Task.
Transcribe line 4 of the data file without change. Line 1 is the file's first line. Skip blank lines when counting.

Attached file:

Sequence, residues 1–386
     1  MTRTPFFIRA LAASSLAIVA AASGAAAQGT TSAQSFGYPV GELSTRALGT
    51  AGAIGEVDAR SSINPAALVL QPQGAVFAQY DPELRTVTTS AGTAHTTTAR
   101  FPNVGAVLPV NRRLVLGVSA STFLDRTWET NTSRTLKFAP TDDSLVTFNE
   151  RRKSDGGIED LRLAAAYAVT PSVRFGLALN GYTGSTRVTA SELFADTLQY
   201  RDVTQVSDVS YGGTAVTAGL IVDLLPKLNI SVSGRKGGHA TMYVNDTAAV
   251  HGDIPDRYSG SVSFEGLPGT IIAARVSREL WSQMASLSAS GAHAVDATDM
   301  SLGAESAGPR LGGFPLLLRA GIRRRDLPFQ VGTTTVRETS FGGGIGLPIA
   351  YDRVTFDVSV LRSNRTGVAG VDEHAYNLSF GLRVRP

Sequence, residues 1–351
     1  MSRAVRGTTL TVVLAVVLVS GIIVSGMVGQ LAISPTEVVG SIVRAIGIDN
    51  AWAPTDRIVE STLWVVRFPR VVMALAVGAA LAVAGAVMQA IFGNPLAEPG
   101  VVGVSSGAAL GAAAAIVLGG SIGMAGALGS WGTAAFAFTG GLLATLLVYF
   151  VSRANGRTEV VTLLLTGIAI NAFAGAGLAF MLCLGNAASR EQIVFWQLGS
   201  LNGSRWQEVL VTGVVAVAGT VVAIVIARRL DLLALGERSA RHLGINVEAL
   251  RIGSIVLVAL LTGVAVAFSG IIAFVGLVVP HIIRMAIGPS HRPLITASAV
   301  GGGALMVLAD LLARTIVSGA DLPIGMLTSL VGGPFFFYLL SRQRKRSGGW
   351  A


   101  FPNVGAVLPV NRRLVLGVSA STFLDRTWET NTSRTLKFAP TDDSLVTFNE